I have received several emails requesting information regarding pricing and calculating overhead cost for a lawn care business.  Thus, the following article is a brief breakdown of a way to estimate your lawn care companies actual overhead cost.  This does not take into account advertising, uniforms, insurance, etc.

 

Like so many individuals out there who start their own lawn care business, I worked hard to quickly build up my clientele.  Having no prior experience in the Green Industry, I needed a way to see what the other guys were charging for their services.  This would at least give me a starting point on where to initially base my pricing structure.

 

From spending countless hours reading forum post, I was able to figure out that most people doing lawn care basically used one of two ways to calculate their prices.  There were the price per square foot guys and the price per hour guys.  The price per square foot method seemed to me as if it would include just too many variables to be very accurate, or at least for my requirements.  Thus, I decided to attempt to do all my estimating by the hour.

 

Ok, now my problem was what to charge per hour, and what was my competition charging.  Since I hadn’t actually started my business yet, nobody in the industry knew who I was.  Thus, I went through the yellow pages and called several of the companies who were running display ads.  I figured these companies must be larger considering the cost of yellow page advertising, and knowing that where they were in their business was where I wanted to be, I asked for an estimate to mow my personal homes own lawn.  I was told by a few that they only did commercial properties, but I did manage to get 3 different companies to come out and bid my property.

 

At the time my home sat on a little under a half acre of land, with very few obstructions.  I knew it took me about an hour to mow, trim and sweep off my small driveway (I didn’t even own a blower).  Of the three guys that came out, I received one bid for $35.00, one bid for $32.00 and one bid for $20.00.

 

I immediately threw out the $20.00 bid as it just seemed out of place with the other two bids, and his rig and equipment looked old and dilapidated.  Of the other two bids, one guy stood out from the other.  His truck and equipment was very neat and clean.  His truck had his company name on it, and his physical appearance was neat and very professional.  He also happened to be the $35.00 bid guy as well.  So I said to myself, “Self…  if you can present yourself as a professional with good appearance, clean and well maintained equipment, then you can get more money for your services.”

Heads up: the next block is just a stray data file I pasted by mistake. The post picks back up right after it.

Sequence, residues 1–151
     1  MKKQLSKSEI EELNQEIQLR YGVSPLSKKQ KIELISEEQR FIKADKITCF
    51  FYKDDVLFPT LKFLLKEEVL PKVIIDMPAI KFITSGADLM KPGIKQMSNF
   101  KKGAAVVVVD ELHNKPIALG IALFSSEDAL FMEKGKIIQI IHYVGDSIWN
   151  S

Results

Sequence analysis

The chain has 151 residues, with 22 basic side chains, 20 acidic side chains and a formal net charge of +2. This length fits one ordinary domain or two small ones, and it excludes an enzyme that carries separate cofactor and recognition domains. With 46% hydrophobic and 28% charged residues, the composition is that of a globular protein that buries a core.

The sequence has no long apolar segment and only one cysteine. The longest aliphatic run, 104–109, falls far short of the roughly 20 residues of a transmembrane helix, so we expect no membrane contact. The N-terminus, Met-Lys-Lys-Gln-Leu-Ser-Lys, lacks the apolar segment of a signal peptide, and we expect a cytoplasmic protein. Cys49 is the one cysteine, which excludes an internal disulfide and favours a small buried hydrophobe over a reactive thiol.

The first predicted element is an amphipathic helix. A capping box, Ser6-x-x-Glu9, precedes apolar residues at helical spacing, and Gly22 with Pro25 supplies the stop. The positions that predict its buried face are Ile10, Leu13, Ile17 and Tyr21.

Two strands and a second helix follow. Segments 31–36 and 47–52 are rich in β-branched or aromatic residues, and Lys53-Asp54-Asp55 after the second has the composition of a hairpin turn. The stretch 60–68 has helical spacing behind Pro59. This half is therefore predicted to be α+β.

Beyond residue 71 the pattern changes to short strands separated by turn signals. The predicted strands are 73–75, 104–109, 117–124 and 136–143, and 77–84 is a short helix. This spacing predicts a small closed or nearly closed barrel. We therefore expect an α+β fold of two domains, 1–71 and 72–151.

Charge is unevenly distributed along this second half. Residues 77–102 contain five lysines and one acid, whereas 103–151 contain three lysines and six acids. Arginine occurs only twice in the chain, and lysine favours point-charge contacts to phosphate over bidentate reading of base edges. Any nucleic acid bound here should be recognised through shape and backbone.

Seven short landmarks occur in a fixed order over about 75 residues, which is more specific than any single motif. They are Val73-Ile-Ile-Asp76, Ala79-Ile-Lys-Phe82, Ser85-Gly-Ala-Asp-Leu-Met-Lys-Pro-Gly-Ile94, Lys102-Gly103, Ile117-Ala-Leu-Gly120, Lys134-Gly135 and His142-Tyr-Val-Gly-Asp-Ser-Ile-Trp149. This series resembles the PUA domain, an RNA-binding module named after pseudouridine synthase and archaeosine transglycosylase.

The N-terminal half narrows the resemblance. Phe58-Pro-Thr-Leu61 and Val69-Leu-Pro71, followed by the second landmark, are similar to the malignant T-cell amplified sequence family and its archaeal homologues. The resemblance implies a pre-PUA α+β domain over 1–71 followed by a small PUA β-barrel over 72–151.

Well this gave me a starting point of $35.00 per hour.  I figured if I could mow a lawn equivalent to the size of my own for $35, and it would take me approximately an hour to do it, then I would be making $35.00 per hour. 

 

It was several customers, and dozens of bids later that I finally got a grasp of the bidding thing and what I needed to be charging to actually make a decent profit.  That $35 an hour I initially began charging was fine and a good starting point, but it did not take into account any of the equipment cost factors.  So I developed me a little spread sheet to calculate my equipment cost.  This spread sheet worked fine until I began to add employees, and that just opened up another hornets nest of problems.

 

My little spread sheet ended up developing into a tool I could use to calculate my primary expenses, and tell me what I should bid new customers at.  It also let me know if the customers I was already servicing were being charged enough and whether I should be increasing my service fees.

 

You can download a copy of that spread sheet by clicking on it below.  Keep in mind though, this is not some fancy spread sheet designed to impress the world, it was developed to accomplish what I needed it to do.  If it helps you out that’s great, if it’s not what you are needing, then perhaps it will give you some ideas on developing your own.  If you come up with any improvements, send me a copy I would love to see what you come up with.

 

  Lawn Care Overhead Cost Estimating

 

Note:  You will need Microsoft Excel or an Excel viewer in order to open the document.

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